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PostPosted: Fri Aug 03, 2012 4:46 pm 
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Joined: Fri Dec 15, 2006 7:45 pm
Posts: 3290
Location: Natovi Landing
project3 wrote:
how about schwalbe ultremo zx? i just place an order :(


They are good. They are quite high volume, so smooth riding, and they feel pretty "fast". The 25 is an excellent choice for rough surfaces.

On the downside, I rode them in the Alps recently and thought they felt a bit vague at higher speeds on descents.


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PostPosted: Fri Aug 24, 2012 1:03 am 
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Posts: 195
I've used darn near everything in recent years in order to find "tire bliss". The bottom line is. It doesn't fully exist. Let me explain.
The michelins ride like a dream. Smooth, predictable. Even in the wet. However, anything resembling a sharp object will go right through. No matter how new they are. So,, then you try to find something more durable. With durability, comes compromise. Compromise will cost you that buttery smooth, yet super fast, feel.
I liked the responses for the Open Pave. This is a comfy (almost too much so) tire that you''ll be hard pressed to puncture under normal circumstances. However, you're going to go through more of these than just about everything else made. With the exception of maybe a veloflex or a challenge. They just aren't designed to last. And by not designed to last, I mean just that. They were never designed for a long lifespan. Smoothness, durability and speed come at the expense on longevity.
I had great luck last year with Vredesteins Tri comp Quattro. I got over 6,000k's on them and they're still quite rideable. Downsides being, Oversized alloy frame riders need not apply. They are some of the most unforgiving tires I've tried. Alot of people compare the ride to Conti's GP4000. Yeah, if you pumped the GP4000 up to 180psi and then filled them with cement. I'm sure then, they'd ride the same. I personally found the punishing ride worthwhile for the unreal durability and speed.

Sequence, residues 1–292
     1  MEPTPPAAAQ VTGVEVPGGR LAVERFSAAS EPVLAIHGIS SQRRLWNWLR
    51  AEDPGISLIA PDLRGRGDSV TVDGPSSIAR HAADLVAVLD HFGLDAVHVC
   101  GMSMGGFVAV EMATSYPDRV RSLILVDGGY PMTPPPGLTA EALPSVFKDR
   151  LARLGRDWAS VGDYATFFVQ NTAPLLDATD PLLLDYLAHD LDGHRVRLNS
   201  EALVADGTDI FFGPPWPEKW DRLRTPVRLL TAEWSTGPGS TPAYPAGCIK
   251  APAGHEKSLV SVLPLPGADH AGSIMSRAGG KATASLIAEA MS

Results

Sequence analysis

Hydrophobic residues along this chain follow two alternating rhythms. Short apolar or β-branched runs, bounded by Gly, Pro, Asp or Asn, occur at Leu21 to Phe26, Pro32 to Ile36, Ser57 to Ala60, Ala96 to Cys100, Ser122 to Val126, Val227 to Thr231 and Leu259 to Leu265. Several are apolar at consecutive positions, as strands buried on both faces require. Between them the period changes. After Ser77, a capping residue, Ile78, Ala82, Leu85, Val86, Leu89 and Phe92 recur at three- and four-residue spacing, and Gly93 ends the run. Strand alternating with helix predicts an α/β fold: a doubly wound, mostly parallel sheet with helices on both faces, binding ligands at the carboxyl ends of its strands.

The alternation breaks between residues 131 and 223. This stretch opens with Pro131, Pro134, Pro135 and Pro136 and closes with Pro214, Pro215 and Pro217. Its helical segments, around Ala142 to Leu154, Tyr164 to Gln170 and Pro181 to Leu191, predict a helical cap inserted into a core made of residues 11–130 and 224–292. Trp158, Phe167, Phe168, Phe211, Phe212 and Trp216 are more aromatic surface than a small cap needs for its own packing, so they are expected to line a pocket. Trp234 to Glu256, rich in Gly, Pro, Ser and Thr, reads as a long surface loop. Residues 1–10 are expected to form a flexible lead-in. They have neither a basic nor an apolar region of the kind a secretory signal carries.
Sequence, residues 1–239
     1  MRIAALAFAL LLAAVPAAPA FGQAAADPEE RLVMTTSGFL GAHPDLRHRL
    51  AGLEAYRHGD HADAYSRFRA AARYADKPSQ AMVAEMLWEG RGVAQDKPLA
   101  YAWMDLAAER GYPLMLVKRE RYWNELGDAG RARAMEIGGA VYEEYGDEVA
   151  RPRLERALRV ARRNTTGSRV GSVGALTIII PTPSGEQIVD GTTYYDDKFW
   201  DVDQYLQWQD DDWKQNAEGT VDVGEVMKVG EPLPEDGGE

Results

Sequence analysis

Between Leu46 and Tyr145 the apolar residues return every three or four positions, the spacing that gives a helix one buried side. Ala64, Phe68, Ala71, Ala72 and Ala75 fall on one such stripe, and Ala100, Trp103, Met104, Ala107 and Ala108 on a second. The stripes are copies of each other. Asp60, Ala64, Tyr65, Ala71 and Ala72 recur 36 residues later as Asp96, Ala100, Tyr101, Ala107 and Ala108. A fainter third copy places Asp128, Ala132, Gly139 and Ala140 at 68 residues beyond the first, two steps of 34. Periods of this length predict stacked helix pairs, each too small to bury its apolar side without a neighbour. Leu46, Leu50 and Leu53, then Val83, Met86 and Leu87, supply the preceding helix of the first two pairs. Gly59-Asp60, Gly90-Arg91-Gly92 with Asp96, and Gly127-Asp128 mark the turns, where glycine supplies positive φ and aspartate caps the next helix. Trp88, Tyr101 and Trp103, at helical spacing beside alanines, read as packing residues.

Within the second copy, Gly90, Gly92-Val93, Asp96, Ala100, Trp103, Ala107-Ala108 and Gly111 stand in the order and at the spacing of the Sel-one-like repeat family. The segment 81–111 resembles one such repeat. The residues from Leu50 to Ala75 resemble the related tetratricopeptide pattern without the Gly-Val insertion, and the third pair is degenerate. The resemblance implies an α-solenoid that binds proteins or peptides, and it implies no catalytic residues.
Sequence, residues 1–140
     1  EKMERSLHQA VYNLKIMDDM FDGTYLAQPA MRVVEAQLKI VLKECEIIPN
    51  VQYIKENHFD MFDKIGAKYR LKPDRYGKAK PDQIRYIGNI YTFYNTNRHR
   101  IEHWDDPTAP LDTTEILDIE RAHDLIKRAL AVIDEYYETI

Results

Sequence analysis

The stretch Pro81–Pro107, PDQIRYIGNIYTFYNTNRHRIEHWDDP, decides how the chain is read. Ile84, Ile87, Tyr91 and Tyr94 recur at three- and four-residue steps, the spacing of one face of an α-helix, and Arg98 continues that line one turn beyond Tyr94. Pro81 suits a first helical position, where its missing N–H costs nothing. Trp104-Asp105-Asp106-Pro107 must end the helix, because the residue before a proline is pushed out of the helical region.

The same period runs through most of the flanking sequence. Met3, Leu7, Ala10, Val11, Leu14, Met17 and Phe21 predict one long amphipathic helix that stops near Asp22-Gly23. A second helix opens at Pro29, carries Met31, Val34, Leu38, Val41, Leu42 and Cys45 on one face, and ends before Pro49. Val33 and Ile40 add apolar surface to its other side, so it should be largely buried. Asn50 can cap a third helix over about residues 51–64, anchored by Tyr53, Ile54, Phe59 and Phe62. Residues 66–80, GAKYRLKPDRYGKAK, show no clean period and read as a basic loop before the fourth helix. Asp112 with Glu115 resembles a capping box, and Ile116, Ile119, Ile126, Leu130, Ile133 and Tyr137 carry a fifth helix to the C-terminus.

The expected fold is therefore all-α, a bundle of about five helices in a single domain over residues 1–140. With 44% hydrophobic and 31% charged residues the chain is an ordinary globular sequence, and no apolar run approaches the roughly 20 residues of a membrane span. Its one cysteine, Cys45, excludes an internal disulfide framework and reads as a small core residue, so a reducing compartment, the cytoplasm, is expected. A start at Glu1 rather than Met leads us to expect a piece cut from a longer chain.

A great tire that most don't know about are the Gommitalia Calypsos. They can usually be found quite cheap and they're made the same way a Vittoria open corsa or a veloflex tire are made. The casing is made first, the rubber is glued on later. This makes for a much more compliant tire at high speed than a vulcanized tire such as a Maxxis or a Vredestein. They ride as smooth as the michelin. They wear quite well and have good puncture resistance. The sidewalls are the achiles heel of this tire. If you're on alot of gravel or really rough roads. Look elsewhere. The sidewalls cut too easily.
My current tire of choice are Vredestein Fortezza tri comps. Wicked fast tires with unreal cornering ability. Durability isn't as good as the Quattro, but the ride is alot smoother over rough surfaces.
For me, the Vreds are the cats ass. However, they aren't my recomendation for most people. The Conti GP4000 might be the best all around clincher ever made. It's not the fastest, or the toughest or the smoothest. Look at it like most three week races. The fastest sprinter never wins the overall. The best time trialist doesn't always win and the best climber doesn't always win. However, if a guy can time trial better than the climbers and climb better than the time trialers, he has a better chance of winning. The GP4000 isn't the fastest tire, but anything faster isn't durable. It's not the toughest tire, but anything tougher isn't fast enough. It's not the smoothest tire, but anything smoother again won't be as fast or as tough. I could recomend the GP4000 to 10 cyclist and have 9 very happy people. Try that with any other tire and you won't please half of them.
Abit of a hint. Most people are already aware of this. So this is just for the uneducated few. Latex tubes turn any tire into a much better tire. I've tried michelin and vittoria latex and can honestly say that the vittoria are head and shoulders above the michelin. Be aware though. They need to be properly inflated every ride whereas latex isn't air tight.


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Posted: Fri Aug 24, 2012 1:03 am 


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PostPosted: Fri Aug 24, 2012 5:35 am 
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Location: LA/OC, California
Besides the Vittoria latex tubes, I've found the Vredestein latex tubes to be just as supple and puncture proof, and about 20-25 grams lighter.

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PostPosted: Fri Aug 24, 2012 10:10 am 
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I haven't tried Vred. latex yet. It might be worth a look.


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PostPosted: Fri Aug 24, 2012 10:29 am 
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Vittoria Corsa Evo CX is my choice for bad roads. rocks, glass, potholes, you name it, they withstand it all. they are not that sharp as my 'regular' Michelin Pro2Race (yup!) and feel slightly slower. when i'm done with Pro2Race (got 3 more tires...) i'll probably stick with Vittorias, as Pro3 Race are rubbish and so are probably the 4s